Around 1 in 5 preschoolers in the US display mental health issues when transition from preschool to formal schooling takes place, a study has found.
Dr. Alice S. Carter and colleagues conducted the study on 1,329 healthy children born between July 1995 and September 1997 in the New Haven-Meriden Standard Metropolitan Statistical Area of the 1990 Census.
The researchers sought to determine the prevalence of psychiatric disorders in the early elementary school years and to examine the relationship between the sociodemographic and psychosocial risk factors and these disorders.
The study sample was ascertained through birth records, and represents one of the first longitudinal studies to evaluate psychopathology in children within the United States as they negotiate the transition to school.
One parent from each family of a subsample of 442 enriched for child psychopathology was interviewed using the Diagnostic Interview Schedule for Children-Version IV (DISC IV) to determine the diagnosis.
Parents were surveyed about sociodemographic factors, such as parental age and education, and poverty as well as psychosocial characteristics. Both parents and teachers of the children were surveyed about social competence.
Dr. Carter and colleagues reported that as children transition to formal schooling, approximately one in five (21.6 percent) will have a psychiatric disorder with impairment.
The findings confirm that the prevalence of psychopathology during the transition to school age is not dissimilar to that documented for preschool-aged children.
In addition, the risk of comorbidity (the risk of two or more disorders of any type) was 5.8 percent.
Within the study cohort, the prevalence of externalising disorders was 13.8 percent and 11.1 percent for internalising disorders.
Of those individuals who had more than one disorder, more than 60 percent had both an externalising and an internalising disorder.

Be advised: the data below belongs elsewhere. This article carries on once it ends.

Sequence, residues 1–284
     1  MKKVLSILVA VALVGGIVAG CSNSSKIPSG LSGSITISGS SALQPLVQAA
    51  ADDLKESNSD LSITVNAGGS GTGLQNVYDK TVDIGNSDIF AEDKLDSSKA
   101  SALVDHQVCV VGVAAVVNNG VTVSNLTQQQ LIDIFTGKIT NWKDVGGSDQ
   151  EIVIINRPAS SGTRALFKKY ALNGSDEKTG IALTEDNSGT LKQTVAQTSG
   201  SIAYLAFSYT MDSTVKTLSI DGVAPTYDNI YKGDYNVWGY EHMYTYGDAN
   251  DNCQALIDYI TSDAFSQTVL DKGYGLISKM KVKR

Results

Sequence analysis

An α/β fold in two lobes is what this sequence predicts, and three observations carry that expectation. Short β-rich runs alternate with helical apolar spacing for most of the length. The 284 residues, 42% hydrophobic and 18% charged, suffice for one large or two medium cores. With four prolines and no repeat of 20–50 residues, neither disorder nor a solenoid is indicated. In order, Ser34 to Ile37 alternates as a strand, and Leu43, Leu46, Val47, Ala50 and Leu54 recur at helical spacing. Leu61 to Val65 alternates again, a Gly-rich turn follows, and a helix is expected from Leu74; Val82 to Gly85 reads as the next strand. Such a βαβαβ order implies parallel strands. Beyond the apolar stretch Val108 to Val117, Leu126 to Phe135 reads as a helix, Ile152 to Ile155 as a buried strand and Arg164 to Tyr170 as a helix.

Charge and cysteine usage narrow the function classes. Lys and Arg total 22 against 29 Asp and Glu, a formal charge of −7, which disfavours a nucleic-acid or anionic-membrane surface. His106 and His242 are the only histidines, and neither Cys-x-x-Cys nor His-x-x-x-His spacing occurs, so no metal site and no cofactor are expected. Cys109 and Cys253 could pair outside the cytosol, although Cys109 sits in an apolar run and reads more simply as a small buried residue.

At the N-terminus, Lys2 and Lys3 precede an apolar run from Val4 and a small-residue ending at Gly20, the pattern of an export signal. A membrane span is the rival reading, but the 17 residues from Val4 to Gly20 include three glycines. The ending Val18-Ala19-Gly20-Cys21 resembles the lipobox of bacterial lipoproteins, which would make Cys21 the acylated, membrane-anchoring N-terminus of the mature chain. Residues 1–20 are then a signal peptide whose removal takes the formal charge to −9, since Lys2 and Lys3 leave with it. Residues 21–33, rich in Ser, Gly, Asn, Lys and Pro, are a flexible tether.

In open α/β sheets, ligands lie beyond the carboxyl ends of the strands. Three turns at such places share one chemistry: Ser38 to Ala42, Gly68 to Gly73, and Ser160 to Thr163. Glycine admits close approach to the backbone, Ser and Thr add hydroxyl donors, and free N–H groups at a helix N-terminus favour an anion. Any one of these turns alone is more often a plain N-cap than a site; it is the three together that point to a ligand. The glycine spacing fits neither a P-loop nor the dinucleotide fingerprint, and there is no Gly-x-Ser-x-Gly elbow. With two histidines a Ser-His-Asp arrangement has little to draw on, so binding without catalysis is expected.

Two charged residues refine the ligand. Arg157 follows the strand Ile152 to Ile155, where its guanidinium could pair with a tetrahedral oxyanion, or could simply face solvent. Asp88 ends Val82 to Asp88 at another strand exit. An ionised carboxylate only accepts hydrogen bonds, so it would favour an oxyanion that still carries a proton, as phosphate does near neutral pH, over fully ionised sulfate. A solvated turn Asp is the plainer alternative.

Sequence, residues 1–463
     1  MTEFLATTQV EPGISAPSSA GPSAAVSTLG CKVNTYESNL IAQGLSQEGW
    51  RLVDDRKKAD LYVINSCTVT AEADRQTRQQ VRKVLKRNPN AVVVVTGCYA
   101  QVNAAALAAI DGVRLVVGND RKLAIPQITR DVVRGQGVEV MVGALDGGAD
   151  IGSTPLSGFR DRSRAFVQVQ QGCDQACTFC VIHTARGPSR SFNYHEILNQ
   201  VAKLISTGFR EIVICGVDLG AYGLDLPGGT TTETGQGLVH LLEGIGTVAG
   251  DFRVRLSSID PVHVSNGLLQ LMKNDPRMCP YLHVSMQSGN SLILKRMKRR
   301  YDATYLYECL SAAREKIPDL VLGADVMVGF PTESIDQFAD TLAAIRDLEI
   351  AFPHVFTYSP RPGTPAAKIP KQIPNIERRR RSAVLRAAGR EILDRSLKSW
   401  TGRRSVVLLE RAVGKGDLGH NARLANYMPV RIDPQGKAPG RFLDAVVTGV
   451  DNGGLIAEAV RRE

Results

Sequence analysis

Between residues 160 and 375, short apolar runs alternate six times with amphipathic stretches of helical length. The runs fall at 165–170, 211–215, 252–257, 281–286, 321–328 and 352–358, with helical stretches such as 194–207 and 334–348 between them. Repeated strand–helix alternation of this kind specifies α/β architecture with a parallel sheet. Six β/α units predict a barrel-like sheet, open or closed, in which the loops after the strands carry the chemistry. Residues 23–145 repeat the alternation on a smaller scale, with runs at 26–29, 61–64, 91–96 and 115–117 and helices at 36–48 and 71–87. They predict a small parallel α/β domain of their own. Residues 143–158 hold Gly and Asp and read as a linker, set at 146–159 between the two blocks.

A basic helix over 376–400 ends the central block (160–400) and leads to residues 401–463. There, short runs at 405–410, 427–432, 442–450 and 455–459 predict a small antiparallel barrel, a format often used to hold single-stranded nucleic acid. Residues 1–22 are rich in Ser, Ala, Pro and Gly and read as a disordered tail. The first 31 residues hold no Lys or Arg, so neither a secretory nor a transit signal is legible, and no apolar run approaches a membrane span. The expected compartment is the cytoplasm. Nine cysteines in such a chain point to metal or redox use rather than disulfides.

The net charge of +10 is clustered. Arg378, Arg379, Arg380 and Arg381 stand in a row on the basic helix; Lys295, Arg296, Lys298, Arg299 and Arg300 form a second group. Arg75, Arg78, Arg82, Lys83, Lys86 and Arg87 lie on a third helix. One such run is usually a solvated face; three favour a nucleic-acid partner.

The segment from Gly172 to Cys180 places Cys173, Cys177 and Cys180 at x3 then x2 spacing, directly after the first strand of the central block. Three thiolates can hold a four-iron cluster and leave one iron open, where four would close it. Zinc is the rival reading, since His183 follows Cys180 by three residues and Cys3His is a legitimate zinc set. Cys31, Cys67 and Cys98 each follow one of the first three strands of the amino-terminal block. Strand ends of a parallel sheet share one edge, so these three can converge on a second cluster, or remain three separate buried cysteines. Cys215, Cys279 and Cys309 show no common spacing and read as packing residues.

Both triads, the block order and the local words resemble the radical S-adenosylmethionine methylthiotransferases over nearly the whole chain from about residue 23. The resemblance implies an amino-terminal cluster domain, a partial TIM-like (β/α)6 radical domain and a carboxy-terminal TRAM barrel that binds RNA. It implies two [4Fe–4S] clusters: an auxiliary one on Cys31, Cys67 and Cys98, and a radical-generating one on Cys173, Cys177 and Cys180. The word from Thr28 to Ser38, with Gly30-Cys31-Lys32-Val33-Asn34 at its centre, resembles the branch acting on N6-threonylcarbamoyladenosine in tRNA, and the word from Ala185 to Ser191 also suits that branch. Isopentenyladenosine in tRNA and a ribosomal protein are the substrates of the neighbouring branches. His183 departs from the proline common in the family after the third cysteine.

"Sociodemographic and psychosocial correlates included persistent poverty beginning in early childhood, limited parental education, low family expressiveness, stressful life events, and violence exposure," the researchers reported in the article.
"Finally, diagnostic status was significantly associated with poorer social competence and family burden.
"Epidemological data on prevalence and risk co-incidence with disorders during the transition to school can and should inform conversations about psychosocial school readiness, early intervention, and prevention programming," they commented on the potential impact of their findings.
Screening for psychopathology at the transition to school age is warranted and based on the impairment data of affected children early intervention seems appropriate.
"Intervention should also take into account the social context, not only within the school setting but also with respect to risk factors in the home and broader community," Cater and colleagues concluded.
The findings have been published in an article titled, "Prevalence of DSM-IV Disorder in a Representative, Healthy Birth Cohort at School Entry: Sociodemographic Risks and Social Adaptation".